The Marine Corps Wants To Turn Some Of Its Officers Into PhDs

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Marines assigned to Officer Candidate School participate in the Montford Point challenge aboard Marine Corps Base Quantico, Virginia, May 19, 2016.
U.S. Marine Corps photo

The US Marine Corps wants to add another title in front of some of its officers' ranks: Doctor.


The service is establishing two pilot programs to offer qualified majors through lieutenant colonels with a doctorate-level education on the Corps' dime, as long as they agree to stay in the service for an additional six years.

The program's goal is to develop a "cohort of strategic thinkers and technical leaders capable of applying substantive knowledge, directing original research, and leveraging relationships with industry and elements of national security ... to achieve the innovative thinking desired by the Marine Corps," according to the Thursday announcement.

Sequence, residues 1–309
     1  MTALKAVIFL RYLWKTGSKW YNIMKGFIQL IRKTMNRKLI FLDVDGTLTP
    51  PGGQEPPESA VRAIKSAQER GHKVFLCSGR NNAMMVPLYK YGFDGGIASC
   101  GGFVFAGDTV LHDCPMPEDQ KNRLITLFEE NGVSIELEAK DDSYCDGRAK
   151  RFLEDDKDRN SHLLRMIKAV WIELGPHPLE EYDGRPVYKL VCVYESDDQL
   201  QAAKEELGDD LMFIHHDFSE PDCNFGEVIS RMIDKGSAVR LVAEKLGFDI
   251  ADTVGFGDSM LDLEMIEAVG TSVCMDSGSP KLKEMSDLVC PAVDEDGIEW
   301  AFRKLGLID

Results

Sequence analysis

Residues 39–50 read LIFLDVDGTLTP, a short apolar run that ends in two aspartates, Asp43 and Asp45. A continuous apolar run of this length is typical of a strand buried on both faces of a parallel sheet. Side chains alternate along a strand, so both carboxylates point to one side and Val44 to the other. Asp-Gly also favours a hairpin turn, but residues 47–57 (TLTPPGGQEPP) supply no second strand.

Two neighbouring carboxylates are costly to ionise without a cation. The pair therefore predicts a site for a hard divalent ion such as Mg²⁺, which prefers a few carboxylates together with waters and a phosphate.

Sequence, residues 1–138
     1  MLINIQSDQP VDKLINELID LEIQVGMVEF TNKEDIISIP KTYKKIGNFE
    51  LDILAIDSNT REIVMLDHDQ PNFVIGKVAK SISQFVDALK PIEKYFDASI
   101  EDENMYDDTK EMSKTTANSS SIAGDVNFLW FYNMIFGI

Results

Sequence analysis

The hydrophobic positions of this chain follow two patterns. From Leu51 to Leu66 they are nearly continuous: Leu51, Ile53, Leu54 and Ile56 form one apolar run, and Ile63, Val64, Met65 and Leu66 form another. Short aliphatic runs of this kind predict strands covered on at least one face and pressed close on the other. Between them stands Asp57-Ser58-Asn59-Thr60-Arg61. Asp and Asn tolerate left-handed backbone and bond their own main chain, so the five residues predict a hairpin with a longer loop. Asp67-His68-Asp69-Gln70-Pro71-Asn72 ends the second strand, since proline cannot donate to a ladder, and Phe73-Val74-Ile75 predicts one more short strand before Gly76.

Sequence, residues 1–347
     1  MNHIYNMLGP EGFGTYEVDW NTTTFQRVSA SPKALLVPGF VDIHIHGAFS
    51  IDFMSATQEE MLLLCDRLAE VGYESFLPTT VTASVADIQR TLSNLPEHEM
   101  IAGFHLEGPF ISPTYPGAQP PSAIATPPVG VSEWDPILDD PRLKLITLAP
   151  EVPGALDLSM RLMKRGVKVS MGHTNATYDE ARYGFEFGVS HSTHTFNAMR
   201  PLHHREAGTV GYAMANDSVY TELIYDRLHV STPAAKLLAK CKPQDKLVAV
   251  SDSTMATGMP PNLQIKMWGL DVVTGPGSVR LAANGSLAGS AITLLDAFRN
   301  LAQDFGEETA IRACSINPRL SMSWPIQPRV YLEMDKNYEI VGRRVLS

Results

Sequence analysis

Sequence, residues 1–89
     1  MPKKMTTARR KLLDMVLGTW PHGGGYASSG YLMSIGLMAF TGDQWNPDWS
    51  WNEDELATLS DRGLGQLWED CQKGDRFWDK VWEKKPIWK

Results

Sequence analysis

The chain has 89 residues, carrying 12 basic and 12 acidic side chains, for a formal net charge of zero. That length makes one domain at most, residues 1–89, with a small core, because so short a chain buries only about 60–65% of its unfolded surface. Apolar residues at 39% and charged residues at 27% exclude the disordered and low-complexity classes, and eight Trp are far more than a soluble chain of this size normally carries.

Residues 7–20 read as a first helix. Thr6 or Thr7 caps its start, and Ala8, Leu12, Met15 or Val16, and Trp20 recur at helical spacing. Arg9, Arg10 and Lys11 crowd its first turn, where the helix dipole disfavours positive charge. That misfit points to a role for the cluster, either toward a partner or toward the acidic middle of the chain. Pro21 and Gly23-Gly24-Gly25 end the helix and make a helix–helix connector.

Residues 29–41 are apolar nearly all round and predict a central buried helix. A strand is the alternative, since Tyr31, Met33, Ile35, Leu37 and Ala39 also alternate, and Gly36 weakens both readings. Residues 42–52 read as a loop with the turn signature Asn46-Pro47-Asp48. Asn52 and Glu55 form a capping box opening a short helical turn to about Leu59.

"Uniformed doctorates provide the Marine Corps deployable, highly-skilled manpower in support of senior leader decision-making as well as helping generate national, defense, and service strategies in an increasingly complex world."

The pilot will likely be competitive, since only four officers will ultimately be picked; two will be required to pursue a doctorate in strategic affairs, while two others will be required to attend a doctoral program with a technical focus.

Applicants will be required to already have a masters degree, or currently be pursuing one if they are applying for the technical doctorate.

The Corps wants officers to get technical degrees in operations research, modeling virtual environments and simulation (MOVES), information sciences, or computer science, the announcement says. Strategy degrees should be geared toward  national security, military history, public policy, political science, government, or some othe related field.

Applications are being accepted until the end of August 2017.

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